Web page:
Heart Defects In Dogs

Heart defects in dogs can affect their quality of life. Some canine heart defects can be resolved with care, surgery, and ongoing treatment.

What Are Canine Heart Defects

A heart defect in a dog is any problem with the dog’s heart and its valves.

The canine heart has four chambers with several veins and arteries. Deoxygenated blood flows from the heart and is pumped into the lungs, from where it is returned to the heart to be pumped into different parts of the body. In a healthy dog, various valves help prevent the blood from flowing backward or mixing incorrectly.

When there is a heart defect, there may be an issue that is genetic or congenital (present at the time of birth) or one that may be acquired due to illness or disease.

The canine heart valves may have:

  • Holes, allowing blood to mix or pass backward incorrectly,
  • Problems with surrounding muscles, keeping blood from being pumped effectively,
  • Problems with nerves that control how the heart beats and pumps blood.

 

Symptoms and Side Effects of Heart Defects in Dogs

 

All of these issues can cause side effects. Minor abnormalities may not show any issues until a veterinarian examines your dog and observes a murmur or other change in the heart beat. Dogs with more serious conditions may experience an inability to exercise, problems breathing, or have blue gums or tongue.  The dog may collapse, cough, wheeze, or have water retention around the chest and abdomen. All of these are signs that the heart is not pumping blood correctly, preventing oxygen and other nutrients from reaching the needed areas.

 

How Can I Prevent Canine Heart Valve Problems

 

While congenital (from birth) heart problems can’t be actively prevented, measures can be taken through careful breeding and selection of parents to reduce the risk. Some breeds may be more prone to the disease, and breeders should be sure to remove dogs with a history of heart conditions from the breeding pool. Dogs that are being considered for breeding programs should be screened for any genetic markers or heart problems prior to breeding to help reduce the chances of puppies acquiring the problem from parents.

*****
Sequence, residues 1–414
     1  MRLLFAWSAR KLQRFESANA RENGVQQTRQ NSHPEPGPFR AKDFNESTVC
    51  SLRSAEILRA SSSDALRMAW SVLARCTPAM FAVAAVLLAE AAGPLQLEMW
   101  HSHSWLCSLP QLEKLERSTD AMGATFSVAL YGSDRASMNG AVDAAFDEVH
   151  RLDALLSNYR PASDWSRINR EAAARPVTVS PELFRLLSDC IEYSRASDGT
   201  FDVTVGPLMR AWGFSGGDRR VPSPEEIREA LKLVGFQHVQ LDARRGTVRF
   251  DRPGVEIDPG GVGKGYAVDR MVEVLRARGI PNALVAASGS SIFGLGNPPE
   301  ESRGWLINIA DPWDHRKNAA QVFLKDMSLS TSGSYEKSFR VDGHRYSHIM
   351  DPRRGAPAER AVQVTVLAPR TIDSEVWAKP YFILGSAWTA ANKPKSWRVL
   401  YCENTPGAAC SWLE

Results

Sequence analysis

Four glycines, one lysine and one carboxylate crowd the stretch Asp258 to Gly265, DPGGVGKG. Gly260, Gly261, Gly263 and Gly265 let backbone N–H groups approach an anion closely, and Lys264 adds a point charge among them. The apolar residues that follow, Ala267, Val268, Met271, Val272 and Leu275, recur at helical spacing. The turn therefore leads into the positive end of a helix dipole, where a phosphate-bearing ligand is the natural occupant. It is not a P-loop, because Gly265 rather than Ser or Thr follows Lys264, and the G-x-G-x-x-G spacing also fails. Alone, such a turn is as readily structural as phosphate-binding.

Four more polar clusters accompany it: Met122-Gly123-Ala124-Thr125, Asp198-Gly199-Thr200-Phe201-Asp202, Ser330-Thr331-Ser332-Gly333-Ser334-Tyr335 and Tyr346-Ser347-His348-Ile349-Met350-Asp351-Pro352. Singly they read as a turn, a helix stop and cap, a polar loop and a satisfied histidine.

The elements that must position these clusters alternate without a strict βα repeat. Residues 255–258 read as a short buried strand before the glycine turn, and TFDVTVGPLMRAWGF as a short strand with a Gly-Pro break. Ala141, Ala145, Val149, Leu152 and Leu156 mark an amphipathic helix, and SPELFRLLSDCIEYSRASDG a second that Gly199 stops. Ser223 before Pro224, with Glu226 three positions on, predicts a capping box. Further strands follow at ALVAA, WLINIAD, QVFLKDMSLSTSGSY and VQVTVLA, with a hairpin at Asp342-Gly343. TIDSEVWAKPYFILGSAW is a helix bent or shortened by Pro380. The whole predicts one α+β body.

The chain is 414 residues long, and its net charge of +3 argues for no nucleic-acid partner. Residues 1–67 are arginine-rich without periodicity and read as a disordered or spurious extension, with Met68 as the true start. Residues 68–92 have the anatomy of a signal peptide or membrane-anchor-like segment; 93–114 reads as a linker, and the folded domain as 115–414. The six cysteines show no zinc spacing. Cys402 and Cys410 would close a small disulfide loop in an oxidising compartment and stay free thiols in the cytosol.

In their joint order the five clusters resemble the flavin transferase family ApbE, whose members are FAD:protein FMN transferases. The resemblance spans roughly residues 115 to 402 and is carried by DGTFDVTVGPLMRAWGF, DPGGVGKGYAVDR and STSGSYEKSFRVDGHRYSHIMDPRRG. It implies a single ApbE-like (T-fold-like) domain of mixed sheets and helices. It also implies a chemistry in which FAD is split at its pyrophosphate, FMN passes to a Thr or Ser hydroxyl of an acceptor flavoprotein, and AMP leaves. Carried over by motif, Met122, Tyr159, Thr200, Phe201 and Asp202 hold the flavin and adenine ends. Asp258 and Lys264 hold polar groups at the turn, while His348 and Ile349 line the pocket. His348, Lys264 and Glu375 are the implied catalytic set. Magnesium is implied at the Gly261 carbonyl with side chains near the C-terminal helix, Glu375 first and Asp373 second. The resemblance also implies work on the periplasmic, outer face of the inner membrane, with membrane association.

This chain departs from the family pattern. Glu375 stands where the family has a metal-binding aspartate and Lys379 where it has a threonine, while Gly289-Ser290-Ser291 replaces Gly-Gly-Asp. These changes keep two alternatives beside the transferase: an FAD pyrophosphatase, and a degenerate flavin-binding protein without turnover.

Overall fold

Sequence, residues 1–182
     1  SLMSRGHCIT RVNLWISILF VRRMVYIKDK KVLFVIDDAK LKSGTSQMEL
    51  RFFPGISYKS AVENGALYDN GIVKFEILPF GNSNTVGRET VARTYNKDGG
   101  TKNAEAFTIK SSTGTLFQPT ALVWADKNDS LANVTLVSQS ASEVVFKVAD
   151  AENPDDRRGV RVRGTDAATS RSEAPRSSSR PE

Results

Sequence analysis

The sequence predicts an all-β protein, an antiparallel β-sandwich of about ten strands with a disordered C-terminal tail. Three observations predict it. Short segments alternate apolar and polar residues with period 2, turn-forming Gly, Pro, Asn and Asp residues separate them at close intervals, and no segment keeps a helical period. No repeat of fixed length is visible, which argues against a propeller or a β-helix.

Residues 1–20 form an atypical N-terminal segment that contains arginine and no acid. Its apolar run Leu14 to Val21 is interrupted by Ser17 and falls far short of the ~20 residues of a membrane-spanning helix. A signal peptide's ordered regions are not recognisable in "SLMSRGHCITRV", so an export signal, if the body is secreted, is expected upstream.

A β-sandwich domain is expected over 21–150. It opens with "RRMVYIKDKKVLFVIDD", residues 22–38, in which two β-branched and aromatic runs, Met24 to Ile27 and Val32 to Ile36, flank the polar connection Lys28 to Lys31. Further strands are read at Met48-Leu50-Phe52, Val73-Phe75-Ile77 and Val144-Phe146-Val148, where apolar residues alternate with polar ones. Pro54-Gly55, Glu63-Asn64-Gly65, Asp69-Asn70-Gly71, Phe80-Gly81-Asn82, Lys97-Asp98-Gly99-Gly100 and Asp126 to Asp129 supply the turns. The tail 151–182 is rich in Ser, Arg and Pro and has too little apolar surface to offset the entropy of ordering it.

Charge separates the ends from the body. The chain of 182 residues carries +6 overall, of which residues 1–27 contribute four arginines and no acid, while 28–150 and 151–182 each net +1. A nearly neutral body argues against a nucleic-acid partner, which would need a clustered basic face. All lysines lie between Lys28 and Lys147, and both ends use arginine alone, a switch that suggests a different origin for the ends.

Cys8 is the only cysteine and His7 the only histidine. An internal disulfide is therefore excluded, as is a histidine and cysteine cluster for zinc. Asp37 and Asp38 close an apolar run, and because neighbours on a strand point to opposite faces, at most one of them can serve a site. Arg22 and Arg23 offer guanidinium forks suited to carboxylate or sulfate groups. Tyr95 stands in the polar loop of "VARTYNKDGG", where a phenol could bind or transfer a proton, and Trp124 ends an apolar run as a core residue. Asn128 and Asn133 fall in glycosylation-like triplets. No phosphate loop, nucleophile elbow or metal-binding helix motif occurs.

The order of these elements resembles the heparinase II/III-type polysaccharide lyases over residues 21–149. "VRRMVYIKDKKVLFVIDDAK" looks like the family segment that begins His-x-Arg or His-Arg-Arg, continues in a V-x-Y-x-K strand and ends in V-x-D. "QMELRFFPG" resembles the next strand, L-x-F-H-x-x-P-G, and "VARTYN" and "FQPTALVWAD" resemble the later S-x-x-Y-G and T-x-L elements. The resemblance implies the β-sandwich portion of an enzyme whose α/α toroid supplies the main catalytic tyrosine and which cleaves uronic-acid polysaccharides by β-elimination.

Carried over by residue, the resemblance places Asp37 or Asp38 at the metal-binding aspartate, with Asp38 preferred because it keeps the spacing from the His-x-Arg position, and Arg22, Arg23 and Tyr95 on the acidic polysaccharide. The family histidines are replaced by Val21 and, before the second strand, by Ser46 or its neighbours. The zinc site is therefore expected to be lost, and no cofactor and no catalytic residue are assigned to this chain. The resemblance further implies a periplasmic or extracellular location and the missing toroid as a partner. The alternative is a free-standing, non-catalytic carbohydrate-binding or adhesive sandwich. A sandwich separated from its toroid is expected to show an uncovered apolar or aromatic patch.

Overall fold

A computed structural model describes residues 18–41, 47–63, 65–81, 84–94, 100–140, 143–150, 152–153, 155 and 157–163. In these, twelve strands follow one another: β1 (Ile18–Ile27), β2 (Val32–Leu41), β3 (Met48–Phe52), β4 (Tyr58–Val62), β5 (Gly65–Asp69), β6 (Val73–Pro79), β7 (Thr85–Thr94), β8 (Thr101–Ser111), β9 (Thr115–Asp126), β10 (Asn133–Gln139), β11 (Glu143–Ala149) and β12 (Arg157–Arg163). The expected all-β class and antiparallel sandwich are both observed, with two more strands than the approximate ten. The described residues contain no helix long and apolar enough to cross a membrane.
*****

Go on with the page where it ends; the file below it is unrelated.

If you already own a dog with a heart valve problem, not much can be done to prevent it. However, working with a vet can prevent further damage or problems in the long run for your dog. Proper medication, surgery, and exercise can help keep the heart healthier and in a working condition for much longer.

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What Should I Do If I Suspect My Dog Has a Heart Valve Defect

If you suspect a heart valve defect or your dog appears to have symptoms of a heart problem, such as coughing and wheezing, breathing issues, problems with activity or exercise or swelling in the chest and abdomen, making an appointment with your veterinarian is the best option.

Your vet will most likely perform a series of tests, including a full exam and observing the heartbeat with a stethoscope for any signs of problems. If an issue is suspected, your vet may recommend additional tests, such as X-ray or ultrasound, to judge the size and shape of the heart. An ECG may be done to determine problems with a heartbeat, which could indicate a valve issue. The dog may then be referred to a cardiologist (heart specialist) for further tests and specialized treatment options.

Minor heart issues may require keeping your dog on a lower activity regimen or shorter bouts of exercise. Dogs showing symptoms of heart issues may need certain medications, such as a diuretic, to reduce fluid buildup in the body or a treatment for an underlying illness or condition that may be causing the heart issue. Puppies and dogs with severe defects may need a surgery to close holes or repair valves to help improve the dog’s quality of life.

 

Natural Remedies for Dog Heart Problems

Some natural remedies are available that may help keep the heart healthy with minor abnormalities. However, many of these remedies can alter the chemical and blood balance in the body, so your veterinarian should be alerted to any of these remedies during care so that adjustments to regular medications and even fluid therapies can be done to prevent any further damage to the heart.

A deficiency in some nutrients, such as potassium and B1 (thiamine), can cause symptoms that may mimic a valve abnormality. By providing a supplement or food with these ingredients, you can help prevent nutritional deficiencies.  Homeopathic treatments, such as Rumex 6C and Adonis Vernalis 6C, may help to strengthen a weak heart.  Herbs, such as Rosemary and Valerian, may have a similar effect and can help with minor heart problems.

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